Part 3: Multiplication

# 3.3: Multiplying fractions

Notes

In the following, “A/B” represents the fraction “A over B.” For example, “2/3” refers to the fraction “2 over 3” or “two-thirds.” In the fraction, A/B, “A” is called the *numerator* and “B” is called the *denominator*.

To multiply two fractions together, multiply the numerators and the denominators separately, then simplify if necessary. For example,

- 3/5 x 1/3 (three-fifths times one-third).
- First, multiply the numerators: 3 x 1 = 3.
- Next, multiply the denominators: 5 x 3 = 15.
- Finally, simplify: 3/15 is equivalent to 1/5 (seeĀ 1.3: Simplifying fractions).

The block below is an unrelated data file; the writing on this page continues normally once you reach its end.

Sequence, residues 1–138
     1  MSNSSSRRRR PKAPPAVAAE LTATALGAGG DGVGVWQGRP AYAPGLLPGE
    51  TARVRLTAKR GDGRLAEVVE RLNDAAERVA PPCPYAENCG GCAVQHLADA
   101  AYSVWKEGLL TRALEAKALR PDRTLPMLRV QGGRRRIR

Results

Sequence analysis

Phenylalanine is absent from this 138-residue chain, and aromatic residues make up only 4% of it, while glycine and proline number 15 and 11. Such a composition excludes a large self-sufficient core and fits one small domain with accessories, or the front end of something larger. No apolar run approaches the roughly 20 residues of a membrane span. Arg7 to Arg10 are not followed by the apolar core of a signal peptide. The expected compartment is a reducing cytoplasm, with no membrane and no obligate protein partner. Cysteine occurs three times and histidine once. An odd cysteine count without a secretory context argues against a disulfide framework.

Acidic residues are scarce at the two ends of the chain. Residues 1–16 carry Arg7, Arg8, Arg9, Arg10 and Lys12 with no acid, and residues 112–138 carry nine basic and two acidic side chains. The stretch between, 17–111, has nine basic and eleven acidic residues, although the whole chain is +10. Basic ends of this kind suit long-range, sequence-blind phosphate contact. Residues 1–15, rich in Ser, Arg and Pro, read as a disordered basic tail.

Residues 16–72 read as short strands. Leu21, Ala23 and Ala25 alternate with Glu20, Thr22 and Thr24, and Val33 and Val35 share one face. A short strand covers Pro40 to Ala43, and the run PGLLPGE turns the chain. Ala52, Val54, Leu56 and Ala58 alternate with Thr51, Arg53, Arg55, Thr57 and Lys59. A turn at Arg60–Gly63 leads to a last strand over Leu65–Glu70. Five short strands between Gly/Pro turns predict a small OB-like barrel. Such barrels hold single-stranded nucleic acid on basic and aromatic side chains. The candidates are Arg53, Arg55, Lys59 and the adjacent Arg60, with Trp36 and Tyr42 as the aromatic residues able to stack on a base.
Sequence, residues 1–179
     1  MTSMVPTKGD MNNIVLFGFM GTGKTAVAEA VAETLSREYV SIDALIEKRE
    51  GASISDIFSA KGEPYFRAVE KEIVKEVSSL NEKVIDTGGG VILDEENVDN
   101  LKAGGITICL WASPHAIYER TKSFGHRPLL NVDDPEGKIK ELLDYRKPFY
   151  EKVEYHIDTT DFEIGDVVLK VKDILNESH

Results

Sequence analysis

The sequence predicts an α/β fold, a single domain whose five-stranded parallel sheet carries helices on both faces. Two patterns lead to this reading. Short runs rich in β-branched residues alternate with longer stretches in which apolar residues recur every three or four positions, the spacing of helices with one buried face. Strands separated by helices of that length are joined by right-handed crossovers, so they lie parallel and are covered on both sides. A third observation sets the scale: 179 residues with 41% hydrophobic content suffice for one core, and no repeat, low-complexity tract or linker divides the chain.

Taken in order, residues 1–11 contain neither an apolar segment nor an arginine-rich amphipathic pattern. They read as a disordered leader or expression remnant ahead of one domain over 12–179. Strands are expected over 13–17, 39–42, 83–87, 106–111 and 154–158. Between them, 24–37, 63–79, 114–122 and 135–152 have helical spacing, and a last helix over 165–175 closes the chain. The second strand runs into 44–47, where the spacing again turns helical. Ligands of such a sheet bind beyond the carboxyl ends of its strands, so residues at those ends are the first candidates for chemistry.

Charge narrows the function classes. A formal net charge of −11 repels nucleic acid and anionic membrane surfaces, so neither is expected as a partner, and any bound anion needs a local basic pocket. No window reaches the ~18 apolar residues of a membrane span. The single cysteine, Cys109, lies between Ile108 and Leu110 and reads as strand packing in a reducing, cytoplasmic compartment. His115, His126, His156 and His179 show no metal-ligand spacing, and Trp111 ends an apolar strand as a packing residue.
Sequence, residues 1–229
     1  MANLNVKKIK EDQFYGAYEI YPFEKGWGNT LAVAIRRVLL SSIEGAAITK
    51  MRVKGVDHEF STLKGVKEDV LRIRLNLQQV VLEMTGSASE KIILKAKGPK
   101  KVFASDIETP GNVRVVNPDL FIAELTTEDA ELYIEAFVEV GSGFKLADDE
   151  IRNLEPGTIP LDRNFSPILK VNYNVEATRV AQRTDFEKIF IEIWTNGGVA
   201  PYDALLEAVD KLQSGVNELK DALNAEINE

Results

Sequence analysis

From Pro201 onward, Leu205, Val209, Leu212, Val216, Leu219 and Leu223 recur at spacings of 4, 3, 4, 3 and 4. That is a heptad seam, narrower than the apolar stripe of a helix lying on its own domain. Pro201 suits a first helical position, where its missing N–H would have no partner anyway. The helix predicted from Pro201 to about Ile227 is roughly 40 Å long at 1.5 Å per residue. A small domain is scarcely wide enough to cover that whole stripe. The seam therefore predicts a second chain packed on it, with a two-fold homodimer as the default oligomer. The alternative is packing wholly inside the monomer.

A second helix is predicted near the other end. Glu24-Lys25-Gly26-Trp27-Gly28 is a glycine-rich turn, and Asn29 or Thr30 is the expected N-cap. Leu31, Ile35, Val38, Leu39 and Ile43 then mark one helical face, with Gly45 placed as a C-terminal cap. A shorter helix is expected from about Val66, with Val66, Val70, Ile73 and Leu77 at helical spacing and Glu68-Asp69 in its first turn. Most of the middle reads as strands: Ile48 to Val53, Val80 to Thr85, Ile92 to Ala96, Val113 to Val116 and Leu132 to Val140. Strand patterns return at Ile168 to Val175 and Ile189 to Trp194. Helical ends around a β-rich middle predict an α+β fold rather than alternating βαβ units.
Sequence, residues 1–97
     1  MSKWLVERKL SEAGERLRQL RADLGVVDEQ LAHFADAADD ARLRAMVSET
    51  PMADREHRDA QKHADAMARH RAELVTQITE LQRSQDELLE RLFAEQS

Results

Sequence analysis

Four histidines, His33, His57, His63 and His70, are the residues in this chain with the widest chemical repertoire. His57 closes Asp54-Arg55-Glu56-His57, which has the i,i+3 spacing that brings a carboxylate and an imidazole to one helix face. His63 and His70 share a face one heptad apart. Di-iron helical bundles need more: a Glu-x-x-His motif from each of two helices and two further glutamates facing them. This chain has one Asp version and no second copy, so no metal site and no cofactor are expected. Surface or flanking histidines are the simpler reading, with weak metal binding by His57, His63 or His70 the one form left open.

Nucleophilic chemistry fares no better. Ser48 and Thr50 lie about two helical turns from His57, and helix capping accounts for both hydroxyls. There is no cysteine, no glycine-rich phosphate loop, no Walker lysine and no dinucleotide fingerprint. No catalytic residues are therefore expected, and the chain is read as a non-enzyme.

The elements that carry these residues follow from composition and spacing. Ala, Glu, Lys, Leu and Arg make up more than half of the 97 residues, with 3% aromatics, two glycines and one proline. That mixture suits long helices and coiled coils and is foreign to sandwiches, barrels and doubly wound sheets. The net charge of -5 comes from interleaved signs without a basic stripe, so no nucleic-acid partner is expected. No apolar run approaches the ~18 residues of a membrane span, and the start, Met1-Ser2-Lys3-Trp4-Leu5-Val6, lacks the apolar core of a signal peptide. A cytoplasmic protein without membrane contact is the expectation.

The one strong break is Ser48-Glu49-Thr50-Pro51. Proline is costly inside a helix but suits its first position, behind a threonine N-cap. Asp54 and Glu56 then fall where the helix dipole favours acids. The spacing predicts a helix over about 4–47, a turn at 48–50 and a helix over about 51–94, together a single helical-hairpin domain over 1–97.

- This works because “3/5 x 1/3” represents “three-fifths of one-third.”
- Divide a unit rectangle into thirds (horizontally) and shade one-third.
- Divide the rectangle into fifths (vertically) and double-shade three-fifths of the shaded one-third.
- The number of double-shaded parts is 3 x 1 = 3 (the product of the numerators).
- The total number of parts is 5 x 3 = 15 (the product of the denominators).
- The answer is the number of double-shaded parts (3) divided by the total number of parts (15), i.e., 3/15, which simplifies to 1/5.

The video below works through some examples of multiplying fractions.

Video Tips

Practice Exercises

Do the following exercises to practice multiplying fractions.